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Another month and, on a crisp but sunny afternoon, it was time for February’s “Last Sunday Poetry Reading & Open Mic” (cf., e.g., January 29, et al.).  Co-sponsored by the Writers Guild at Bloomington and the Monroe County Convention Center, some 18 to 20 people attended, with the featured poets Indiana University MA/PhD student Nathan Schmidt reading a long poem, “Because I Would Not Stop for Him,” its title based on an Emily Dickenson line “Because I Would Not Stop for Death,” followed by Nancy Chen Long, author of the 2016 Tampa Review Prize for Poetry winner LIGHT INTO BODIES and other poems and chapbooks, with seven shorter works, several on subjects related to “home.”  Following the break were nine walk-on readers (including Tonia Matthews with a delightful series of variations on the theme of “chocolate”) of which I came in at number six with four previously published poems loosely about death:  “Dust to Dust,” “Firelight,” “A Little Night Music,” and “The Instrument Maker.”

And so, to Mardi Gras and March!

Well it is nearly December, the spirits having been let loose on Halloween, and now spiraling down to the longest night of the year.  So I mentioned in introducing three short poems during the open mike section.  But we had already had featured poet Michelle Gottschlich read, among others, a poem involving a date at local Rose Hill Cemetery (not to mention, from first open mike reader Joan Hawkins, a translation of a “found” invoice concerning shipping a corpse from Tahiti to the US).  The latter also was somewhat in answer to second Featured Poet Eric Rensberger who offered a reading of found and partially “stolen” poems.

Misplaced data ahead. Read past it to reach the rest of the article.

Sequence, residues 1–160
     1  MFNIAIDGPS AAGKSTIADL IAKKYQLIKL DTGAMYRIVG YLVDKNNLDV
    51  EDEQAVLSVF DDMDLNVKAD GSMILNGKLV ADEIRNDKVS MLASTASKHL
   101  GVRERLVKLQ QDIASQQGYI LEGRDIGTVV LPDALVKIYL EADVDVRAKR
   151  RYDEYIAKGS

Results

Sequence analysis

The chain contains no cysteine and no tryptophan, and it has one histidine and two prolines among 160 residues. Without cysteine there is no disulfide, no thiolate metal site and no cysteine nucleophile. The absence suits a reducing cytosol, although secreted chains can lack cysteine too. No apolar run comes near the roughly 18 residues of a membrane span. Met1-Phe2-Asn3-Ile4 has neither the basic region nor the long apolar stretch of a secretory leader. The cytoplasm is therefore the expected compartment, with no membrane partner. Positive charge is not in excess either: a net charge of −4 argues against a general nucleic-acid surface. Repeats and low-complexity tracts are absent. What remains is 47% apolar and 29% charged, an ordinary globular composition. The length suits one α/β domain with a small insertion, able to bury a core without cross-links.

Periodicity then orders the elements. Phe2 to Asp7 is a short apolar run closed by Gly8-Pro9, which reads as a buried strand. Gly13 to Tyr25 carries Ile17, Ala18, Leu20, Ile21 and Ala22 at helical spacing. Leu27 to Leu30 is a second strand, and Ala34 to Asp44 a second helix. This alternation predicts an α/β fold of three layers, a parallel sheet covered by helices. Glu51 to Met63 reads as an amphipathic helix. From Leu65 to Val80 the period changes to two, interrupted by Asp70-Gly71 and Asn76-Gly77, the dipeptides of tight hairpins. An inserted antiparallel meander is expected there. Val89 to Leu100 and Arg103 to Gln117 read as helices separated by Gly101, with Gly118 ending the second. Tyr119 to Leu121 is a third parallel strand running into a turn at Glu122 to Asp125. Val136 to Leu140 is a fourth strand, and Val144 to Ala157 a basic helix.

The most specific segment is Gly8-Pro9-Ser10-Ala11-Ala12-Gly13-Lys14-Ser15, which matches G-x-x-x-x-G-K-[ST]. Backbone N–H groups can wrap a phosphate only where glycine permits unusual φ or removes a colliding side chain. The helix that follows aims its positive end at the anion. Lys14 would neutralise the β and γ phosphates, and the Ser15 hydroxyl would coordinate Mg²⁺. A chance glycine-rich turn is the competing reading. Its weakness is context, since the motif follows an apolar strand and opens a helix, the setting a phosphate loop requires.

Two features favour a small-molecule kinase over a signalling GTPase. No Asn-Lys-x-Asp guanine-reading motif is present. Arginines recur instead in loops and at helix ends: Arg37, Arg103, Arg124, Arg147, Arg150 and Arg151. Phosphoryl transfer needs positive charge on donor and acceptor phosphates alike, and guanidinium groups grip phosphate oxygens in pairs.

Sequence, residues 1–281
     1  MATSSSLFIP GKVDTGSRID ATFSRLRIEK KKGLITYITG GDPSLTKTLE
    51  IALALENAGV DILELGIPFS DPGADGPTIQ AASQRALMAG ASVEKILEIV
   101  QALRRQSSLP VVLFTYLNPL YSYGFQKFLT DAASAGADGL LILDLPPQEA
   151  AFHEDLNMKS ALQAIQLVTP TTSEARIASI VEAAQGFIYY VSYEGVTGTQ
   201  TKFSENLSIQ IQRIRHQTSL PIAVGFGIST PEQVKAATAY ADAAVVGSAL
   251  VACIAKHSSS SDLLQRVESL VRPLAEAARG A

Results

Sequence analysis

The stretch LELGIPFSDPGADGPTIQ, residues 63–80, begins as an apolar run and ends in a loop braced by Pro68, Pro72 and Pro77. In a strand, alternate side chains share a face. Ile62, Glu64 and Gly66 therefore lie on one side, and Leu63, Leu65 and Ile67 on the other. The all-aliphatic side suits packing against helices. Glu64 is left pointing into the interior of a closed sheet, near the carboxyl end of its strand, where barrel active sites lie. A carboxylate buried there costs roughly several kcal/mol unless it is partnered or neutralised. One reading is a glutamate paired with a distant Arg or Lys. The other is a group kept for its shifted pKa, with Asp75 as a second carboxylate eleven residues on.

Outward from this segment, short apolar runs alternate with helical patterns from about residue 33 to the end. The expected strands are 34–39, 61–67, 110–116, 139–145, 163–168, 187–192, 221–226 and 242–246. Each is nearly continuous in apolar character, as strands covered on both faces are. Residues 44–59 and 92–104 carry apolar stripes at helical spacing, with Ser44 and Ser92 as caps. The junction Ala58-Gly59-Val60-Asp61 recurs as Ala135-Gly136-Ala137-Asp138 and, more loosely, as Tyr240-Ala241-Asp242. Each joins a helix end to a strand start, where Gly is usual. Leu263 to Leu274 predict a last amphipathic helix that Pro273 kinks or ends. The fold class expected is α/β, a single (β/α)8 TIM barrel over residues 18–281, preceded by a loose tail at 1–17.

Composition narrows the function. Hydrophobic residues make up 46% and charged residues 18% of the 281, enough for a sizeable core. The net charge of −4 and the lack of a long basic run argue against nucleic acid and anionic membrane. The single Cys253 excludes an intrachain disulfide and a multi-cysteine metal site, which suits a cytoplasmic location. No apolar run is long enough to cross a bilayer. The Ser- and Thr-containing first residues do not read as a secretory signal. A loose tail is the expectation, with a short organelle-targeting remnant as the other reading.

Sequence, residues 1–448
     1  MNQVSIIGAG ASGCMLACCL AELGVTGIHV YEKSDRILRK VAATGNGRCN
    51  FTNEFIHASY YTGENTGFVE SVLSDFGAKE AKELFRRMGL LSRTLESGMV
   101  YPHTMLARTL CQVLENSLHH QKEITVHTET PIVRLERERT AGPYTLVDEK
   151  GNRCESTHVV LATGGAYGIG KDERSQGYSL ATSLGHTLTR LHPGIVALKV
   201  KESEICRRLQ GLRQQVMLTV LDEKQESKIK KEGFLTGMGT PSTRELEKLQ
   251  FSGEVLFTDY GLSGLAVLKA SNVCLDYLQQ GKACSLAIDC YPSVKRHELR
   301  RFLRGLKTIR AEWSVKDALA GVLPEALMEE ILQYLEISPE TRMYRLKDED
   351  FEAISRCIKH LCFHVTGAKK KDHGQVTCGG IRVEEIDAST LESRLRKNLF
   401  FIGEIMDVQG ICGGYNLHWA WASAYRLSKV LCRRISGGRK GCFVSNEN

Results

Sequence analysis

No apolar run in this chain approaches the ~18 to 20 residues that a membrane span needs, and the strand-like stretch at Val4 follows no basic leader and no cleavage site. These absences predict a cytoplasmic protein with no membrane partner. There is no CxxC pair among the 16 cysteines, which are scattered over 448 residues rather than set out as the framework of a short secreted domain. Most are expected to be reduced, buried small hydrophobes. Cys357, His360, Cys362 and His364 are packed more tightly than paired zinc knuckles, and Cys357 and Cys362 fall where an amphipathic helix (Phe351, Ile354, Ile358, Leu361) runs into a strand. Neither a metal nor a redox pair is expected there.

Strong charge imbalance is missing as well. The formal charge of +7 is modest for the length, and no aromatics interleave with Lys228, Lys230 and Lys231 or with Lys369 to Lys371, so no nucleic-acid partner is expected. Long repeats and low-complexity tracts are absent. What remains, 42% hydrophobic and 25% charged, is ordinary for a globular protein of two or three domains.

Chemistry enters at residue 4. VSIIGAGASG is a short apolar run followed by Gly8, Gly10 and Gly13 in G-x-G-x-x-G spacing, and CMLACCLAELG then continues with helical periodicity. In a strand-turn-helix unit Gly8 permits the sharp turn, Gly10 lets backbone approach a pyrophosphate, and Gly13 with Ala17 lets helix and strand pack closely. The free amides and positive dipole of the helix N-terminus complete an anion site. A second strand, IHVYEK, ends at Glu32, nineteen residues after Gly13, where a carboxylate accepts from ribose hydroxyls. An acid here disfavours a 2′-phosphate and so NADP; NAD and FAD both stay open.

The occasion was November’s Last Sunday Poetry Reading, sponsored by the Bloomington Writers Guild and the Monroe County Convention Bureau (cf. October 26, et al.), on an afternoon that, yes, was gloomy and gray, but did have the virtue that it wasn’t raining.  And the poetry wasn’t all necessarily gloomy, though when my turn came I had pre-selected three older poems that played well off the aforementioned  topics, including the introductory remarks I glossed at the top.  Thus I presented “A Little Night Music,” a two-line verse pointing out that love and death happen in daytime too; “Dust to Dust” about a fire in a cemetery, which also had once been part of an arts display project on Bloomington Transit city buses in 2001 (I noted that I didn’t know which the exact bus was, but had hoped it had been the one going past Rose Hill, as well as the fact the experiment was not repeated); and a “Little Willie” (a what?  See February 16; also February 6 2012) which I noted had the distinction of being published not in a genre magazine but a “more respectable” mainstream journal, “Fire in the Hole,” about a naughty boy who dynamites a grave.

The first word of this came from the HWA’s Facebook page, via Editor-in-Chief Nathon Allen Balka:  “Submissions are still being taken for NOTHING’S SACRED Vol. 3 (due out October 2015).  However, with the number of short stories received, our primary focus is shifting to the other categories listed.”  I checked out the details and they looked inviting, poetry in particular (an “other category listed”) paying $10.00 each, so, going to the poem vault, I exhumed five thus far unpublished ones.  And so, off they went.

Lateish Tuesday, exactly one week after, the word came back.  “After reviewing the five samples, it was decided that there are three that we would enjoy using in the upcoming NOTHING’S SACRED Vol. 3.  Those are:  The Vampire’s Excuse, The Vampiress Reflects, and Necropolis.”

Contract, etc., will come in a few weeks and, if all goes well, the issue itself should be out just in time for Halloween!